Szilvia Tóth shows such a possible appearance of society made up by the people she meets. “My main theme is the man, who brings the city to life with his existence.” - she says. Her pictures present people removed from the reality of their surrounding and their determining modes. Only the individual is seen, frontally opposite the photographer and her camera. This direct position, nevertheless becoming mediated because of the presence of the camera, is an ancient pattern of behavior. Once this open position of the body was communicating the vital meaning of “you can trust me”. The pictured individuals with their openness only make the appearance obvious, because though they – seemingly – give themselves, they are probably only acting. It is hard to decide, if they play a role and if so, who’s role it really is. And Szilvia Tóth admits, what more, she struggles to interfere with the natural flow of the things she sees by treating the chosen persons as models. She instructs them according to her will, she rules their movements, body positions – even though not in a total manner, like the photographer rules over his real model. In her case this is a necessity, since most of the people she meets are unable to behave in such a natural way – or to act that naturally – as they did at the moment of meeting. But Szilvia Tóth doesn’t want to take on the role of an image thief watching and lurking in the shadows. She finds it important, that the person she photographs knows about what happens to her and to her picture (virtually and literally), because the persons help and cooperation is necessary in order to recreate on film the movement, facial expression or their combination (a kind of rewind, replay), which captured the imagination of the photographer. “I am making a photograph, when in a space I find a being, whose inner world radiates into its surrounding, makes it colorful, brings it alive.” – in the authors words. She generates through the act of photographing the situations, in which these influences become real, sensible and graspable. She makes the chosen persons involved in this act, they are not damned to passivity by her. They can become part of all this by accepting the improvised roles given to them in order to recreate chosen moments, while there is still space left for coincidence. Because of the interference, even the spontaneity of the almost natural acting becomes an artificial, rigid, nearly mechanical function. Though the reactions might be reflex-like, they still appear to be forced. As if there was a jamming in the system. Their gesticulation becomes a grimace, they try to stimulate the medium with their “act”, in order to force some kind of a counter-step from it. However, as inexperienced “media-players”, they become confused, clumsy, clown-like, they turn into a parody of the part they play. This contributes to a picture of reality that is unlikely, or rather dreamlike. It does not grow based upon a given plan, it cannot be derived from a given certainty – it is the virtual product of experiencing the own self.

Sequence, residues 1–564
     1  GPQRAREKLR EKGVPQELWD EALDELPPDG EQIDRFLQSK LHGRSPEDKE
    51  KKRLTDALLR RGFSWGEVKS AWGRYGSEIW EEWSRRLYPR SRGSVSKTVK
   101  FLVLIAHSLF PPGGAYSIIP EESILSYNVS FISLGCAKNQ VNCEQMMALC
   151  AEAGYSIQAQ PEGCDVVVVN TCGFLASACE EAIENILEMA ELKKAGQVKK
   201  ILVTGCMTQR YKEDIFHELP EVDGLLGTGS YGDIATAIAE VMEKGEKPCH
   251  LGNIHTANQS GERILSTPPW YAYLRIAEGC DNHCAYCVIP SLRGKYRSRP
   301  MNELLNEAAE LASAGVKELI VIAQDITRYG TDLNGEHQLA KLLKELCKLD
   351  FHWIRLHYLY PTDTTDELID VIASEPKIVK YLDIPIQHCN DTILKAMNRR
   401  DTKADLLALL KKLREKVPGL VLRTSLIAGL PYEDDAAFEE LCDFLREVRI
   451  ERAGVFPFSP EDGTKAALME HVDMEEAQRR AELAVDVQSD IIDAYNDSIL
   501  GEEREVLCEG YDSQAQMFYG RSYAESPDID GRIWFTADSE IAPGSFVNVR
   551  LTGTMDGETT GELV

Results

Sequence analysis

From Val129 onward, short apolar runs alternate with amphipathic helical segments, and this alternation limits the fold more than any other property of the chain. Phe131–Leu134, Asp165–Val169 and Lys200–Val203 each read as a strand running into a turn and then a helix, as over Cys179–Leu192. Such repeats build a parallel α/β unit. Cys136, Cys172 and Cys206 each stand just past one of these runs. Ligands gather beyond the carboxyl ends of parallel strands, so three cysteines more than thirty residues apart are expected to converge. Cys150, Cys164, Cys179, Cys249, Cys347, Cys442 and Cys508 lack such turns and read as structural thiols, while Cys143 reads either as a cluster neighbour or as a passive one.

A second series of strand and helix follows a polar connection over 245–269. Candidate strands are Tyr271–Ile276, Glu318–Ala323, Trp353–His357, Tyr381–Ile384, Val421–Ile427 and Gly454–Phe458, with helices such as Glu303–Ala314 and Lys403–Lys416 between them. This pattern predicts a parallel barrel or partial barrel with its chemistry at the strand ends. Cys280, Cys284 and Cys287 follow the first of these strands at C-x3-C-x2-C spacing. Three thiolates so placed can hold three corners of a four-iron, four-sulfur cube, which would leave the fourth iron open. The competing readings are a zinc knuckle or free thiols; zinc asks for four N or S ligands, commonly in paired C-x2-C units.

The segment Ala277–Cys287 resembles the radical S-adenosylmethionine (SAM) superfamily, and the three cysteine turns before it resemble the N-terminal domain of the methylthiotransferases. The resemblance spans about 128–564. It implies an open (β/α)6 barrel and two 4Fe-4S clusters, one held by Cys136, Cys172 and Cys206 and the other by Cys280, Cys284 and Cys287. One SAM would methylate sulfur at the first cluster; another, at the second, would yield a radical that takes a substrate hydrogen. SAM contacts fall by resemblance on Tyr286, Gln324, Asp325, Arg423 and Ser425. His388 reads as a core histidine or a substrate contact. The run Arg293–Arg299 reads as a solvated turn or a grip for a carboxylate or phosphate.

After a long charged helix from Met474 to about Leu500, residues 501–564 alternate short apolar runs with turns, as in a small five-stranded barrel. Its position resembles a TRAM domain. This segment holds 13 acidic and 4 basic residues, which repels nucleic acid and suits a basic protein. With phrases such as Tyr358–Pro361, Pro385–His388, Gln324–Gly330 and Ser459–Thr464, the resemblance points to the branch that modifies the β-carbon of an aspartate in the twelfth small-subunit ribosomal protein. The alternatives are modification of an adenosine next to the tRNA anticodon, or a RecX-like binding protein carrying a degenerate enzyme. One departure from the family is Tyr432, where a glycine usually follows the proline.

„[…] during my walks I search for something […].” – continues Szilvia Tóth. Her search focuses on human relations. The nature of her search constitutes mainly of watching, it is the position of the outward standing, a person observing with great interest everything and everyone around. The goal is to see the situations that can be filled with meaning in time, without getting tied up in the emotional and moral dimensions. Thus she examines the object of her observation – the city-dwelling man, the man who “makes the city” and who makes her wander in the whirl of the city’s labyrinths – without any special preconception. In case of Szilvia Tóth the action modus of surveying, stretching out in space and time, spreads out even onto the medium. She gives the film time in order to fix this non-momentary. Within this period of time it is her who stresses, underlines, points out, flashes at. Simultaneously she gives free reign to the light to wander around, to visit the space without limitations, and she lets these movements project on film (picture) in space and time. Thus the moment is not always (or not in the first place) stopped, frozen by the closing mechanism of the camera, but rather through the flashing of the artificial light, which plays a determining role in her pictures. Her lighting technique sometimes reminds of the primitive theatre stage lights of old, other times she creates a separate work of art through it within the space of the picture. At the same time the light makes us sense the finesses of movements, it blows up and twists the faces and gestures. It separates and binds objects and people. It organizes and defines space and the positions of those rambling around in it. Szilvia Tóth finds her themes via the surrealistic subconscious gesture of searching, however the spontaneous dream-like situations appearing on her pictures become visible as a result of a conscious activity. The act of deciphering private dreams ready to be analyzed closely relates her work to the genre of grotesque, which potentially bears within itself the dream-likeness. We are facing pictures of elements of such a society here, in which this grotesque is echoing one of the biggest problems: adhering to a single level reality, while at the same time acknowledging it to be multi-leveled.

Gábor Pfisztner